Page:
Today’s Song: Mitski’s “Working for the Knife” Reminds Us That Behind Every Artist There’s a Human Being, Not a Jester

working for the knife
It’s time we finally talk about pain exploitation in music, and how it affects artists. Mitski starts the conversation with her latest song “Working for the Knife”
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Listen: “Working for the Knife” – Mitski

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Art is the perfect medium to vent and let your deepest thoughts come out, we all know that. An artist could make music just to let the world know how happy they feel at a particular time in their life, like Laura Mvula did on her latest record Pink Noise. They could also choose to take their pain and turn it into timeless works of art as Lorde did with Melodrama. Songs full of pain (as well as negative intense emotions in general) are quite a peculiar case because they trigger a sort of addiction mechanism in listeners. Ironically, the sadder a song is, the more we crave it, the more we listen to it, the more we want tracks full of raw truths and pain. Mitski perfectly speaks about pain exploitation in her new, all too real, single, “Working for The Knife.”

working for the knife
Working for The Knife – Mitski

It’s about going from being a kid with a dream, to a grown up with a job, and feeling that somewhere along the way you got left behind. It’s being confronted with a world that doesn’t seem to recognize your humanity, and seeing no way out of it.

A stage, an exhausted artist on the floor who won’t stop dancing; She kicks, jumps, and writhes, in a dance that takes away all her energy and makes her collapse onto the floor again. It is a requiem, a swan song, a silent call for help. Around her, there is only an eerie silence. This is how the music video for “Working for the Knife” ends, in a grotesque but meaningful scenario. The oppression of the knife is heavy and can be felt in every powerful second of the piece.

It’s a type of oppression that comes from within and without, born from a sadistic society and dreams that risk becoming nightmares. If we add to this scenario the need to exploit and monetize pain, this knife is no longer a mere burden that Mitski carries around. It has now hit her (or the character “Working for the Knife” refers to, at least), and she doesn’t know if she will ever be able to take it off.

It would be reasonable to wonder why it is so difficult to close this wound and let it heal. You should let yourself live in peace without demanding too much of your abilities. However, you can’t make a living out of making music if it is not listened to. And, as music listeners, we all know too well there is nothing that attracts more than real pain. Mitski is well aware of this. She even mentioned (speaking of “Nobody”) how difficult it was for her to exploit her own mind, her own heart, her whole being. Art has become a prison that looks like freedom, and this can only result in an immense sense of frustration and feeling stuck in a situation with no visible way out.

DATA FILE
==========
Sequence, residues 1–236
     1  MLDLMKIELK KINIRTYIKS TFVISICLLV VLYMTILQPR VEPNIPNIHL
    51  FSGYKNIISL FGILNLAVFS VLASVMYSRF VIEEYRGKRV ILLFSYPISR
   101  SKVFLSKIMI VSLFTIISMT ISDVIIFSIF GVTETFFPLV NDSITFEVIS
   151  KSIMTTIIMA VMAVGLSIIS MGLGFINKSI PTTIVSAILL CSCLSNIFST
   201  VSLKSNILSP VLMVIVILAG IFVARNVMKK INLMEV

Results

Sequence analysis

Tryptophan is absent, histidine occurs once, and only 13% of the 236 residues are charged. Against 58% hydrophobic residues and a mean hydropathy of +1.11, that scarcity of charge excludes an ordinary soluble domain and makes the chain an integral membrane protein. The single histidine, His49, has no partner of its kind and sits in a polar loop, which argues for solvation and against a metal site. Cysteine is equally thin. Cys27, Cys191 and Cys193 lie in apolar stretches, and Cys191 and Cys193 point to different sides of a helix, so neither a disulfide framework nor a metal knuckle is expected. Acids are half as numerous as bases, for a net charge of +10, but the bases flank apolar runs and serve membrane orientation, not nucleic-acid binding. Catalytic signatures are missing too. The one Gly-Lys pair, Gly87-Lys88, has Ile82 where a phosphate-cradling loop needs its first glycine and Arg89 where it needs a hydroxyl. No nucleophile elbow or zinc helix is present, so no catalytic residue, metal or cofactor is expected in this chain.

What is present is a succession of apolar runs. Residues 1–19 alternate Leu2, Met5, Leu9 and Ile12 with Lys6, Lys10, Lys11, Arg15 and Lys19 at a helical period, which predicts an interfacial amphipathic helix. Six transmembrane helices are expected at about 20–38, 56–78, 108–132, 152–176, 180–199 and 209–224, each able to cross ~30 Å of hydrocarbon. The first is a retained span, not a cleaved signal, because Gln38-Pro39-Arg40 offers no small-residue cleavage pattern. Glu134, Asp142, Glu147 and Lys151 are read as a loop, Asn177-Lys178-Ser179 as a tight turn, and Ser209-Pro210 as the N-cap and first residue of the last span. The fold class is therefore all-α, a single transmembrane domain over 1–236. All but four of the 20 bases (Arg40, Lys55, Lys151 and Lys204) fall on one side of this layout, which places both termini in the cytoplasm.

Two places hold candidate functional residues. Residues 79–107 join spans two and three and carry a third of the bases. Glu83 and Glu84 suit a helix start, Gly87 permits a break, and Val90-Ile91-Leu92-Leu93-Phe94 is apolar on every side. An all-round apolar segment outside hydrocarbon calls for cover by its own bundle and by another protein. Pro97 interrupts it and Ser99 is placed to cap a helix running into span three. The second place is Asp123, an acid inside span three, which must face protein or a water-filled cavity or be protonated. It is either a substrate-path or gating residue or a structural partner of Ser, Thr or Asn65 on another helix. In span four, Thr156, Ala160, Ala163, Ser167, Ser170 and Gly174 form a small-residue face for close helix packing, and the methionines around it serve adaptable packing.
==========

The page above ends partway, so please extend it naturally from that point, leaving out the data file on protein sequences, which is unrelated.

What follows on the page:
What to do when what you love doing makes you feel mentally and emotionally exhausted, but this is the very side everyone loves about you? You start feeling like a jester, a martyr sacrificing your own well-being in hopes that it will lead to something good. And if something good does come, is it worth it?

Mitski © Ebru Yildiz

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How worthwhile is it to work for the knife and endure the wound, if you end up dying because of it? After all, the protagonist of the song goes so far as to lose her authentic self just to please others and be able to make money, she starts the day high and then gets at the lowest point in her life. The same thing happens in the “Working for the Knife” video, where a gorgeous Mitski walks through a theater with grace and elegance, only to end up floundering on the floor, on a stage that literally takes her breath away.

I cry at the start of every movie
I guess ’cause I wish I was making things, too
But I’m working for the knife
I used to think I would tell stories
But nobody cared for the stories I had about
No good guys
I always knew the world moves on
Just didn’t know it would go without me
I start the day high and it ends so low
‘Cause I’m working for the knife
I used to think I’d be done by twenty
Now at twenty-nine, the road ahead appears the same
Though maybe at thirty, I’ll see a way to change

That I’m living for the knife
I always thought the choice was mine
And I was right, but I just chose wrong

I start the day lying and end with the truth
That I’m dying for the knife

Let me be clear, for a moment. I’m not saying that you should never listen to Mitski or any other artist who makes sad songs, absolutely. They’re all works of art, made accessible to everyone in order to be listened to, appreciated, overly analyzed. However, it wouldn’t be a bad thing to remember from time to time that behind every song, behind every artist there is, first of all, a person. Just a human being who’s telling us their most intimate thoughts summed up in just two or three minutes.

It’s a rare privilege to be able to listen to them and create a bond with the artist, so demanding more and more painful art can’t be good for anyone. Treasure every piece you get to discover, every second spent listening to it. For an artist, this awareness (together with some affection, which could never be enough) can be far more important than we think.

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Listen: “Working for the Knife” – Mitski

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